Merely because no injury was caused to PW.1 her presence does not become doubtful. So far as PWs. 3 and 4 are concerned, it has been submitted that their evidence cannot be discarded merely because the appellants have been acquitted of the charge under Section 324 of the Penal Code. As a matter of fact, on the point of assault on these witnesses, some discrepancies were found by the High Court, but on this ground alone their presence cannot be doubted, more so when PW.3 had received as many as nine injuries whereas PW.4 four injuries and so far as the assault on the deceased is concerned, they have consistently supported the prosecution case. Lastly, it has been submitted that merely because witnesses are related, their evidence cannot be discarded on this ground alone, especially when in the case on hand PWs. 1,3,4,5 and 6 have consistently supported the prosecution case and there is no infirmity therein. Having perused the judgment rendered by the trial court and affirmed by the High Court, we are of the opinion that both the courts have considered all the submissions made on behalf of the appellants in great detail and the same having been rejected, they have been rightly found guilty. We do not find any infirmity in reasonings of the two courts below, as such no ground is made out warranting interference by this Court.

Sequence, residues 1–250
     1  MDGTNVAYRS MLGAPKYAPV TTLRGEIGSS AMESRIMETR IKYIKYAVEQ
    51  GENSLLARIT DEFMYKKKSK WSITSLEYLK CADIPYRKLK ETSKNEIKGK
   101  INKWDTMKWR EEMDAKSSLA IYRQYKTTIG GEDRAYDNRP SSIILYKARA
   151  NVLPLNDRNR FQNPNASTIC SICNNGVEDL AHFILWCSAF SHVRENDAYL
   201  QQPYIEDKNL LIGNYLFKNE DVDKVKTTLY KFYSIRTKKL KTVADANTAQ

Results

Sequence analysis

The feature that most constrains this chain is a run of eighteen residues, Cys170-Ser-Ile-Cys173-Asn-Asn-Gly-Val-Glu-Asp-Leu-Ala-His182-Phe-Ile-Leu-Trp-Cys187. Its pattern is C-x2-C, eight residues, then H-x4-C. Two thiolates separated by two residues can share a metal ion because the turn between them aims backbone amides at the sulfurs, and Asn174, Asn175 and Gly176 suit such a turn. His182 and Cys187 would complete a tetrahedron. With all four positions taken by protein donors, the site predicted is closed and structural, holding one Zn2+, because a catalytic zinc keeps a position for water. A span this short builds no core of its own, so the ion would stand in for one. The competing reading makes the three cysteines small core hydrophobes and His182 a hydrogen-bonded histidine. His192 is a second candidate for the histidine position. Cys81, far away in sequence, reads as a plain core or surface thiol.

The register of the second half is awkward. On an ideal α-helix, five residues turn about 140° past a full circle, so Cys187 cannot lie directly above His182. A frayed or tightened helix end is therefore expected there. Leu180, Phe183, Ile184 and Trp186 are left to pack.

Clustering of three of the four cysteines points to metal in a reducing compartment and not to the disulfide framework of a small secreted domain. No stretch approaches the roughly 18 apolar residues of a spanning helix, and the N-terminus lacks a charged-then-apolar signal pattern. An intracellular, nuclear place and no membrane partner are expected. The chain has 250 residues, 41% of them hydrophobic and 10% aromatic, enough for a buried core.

In the result, the appeal fails and the same is dismissed.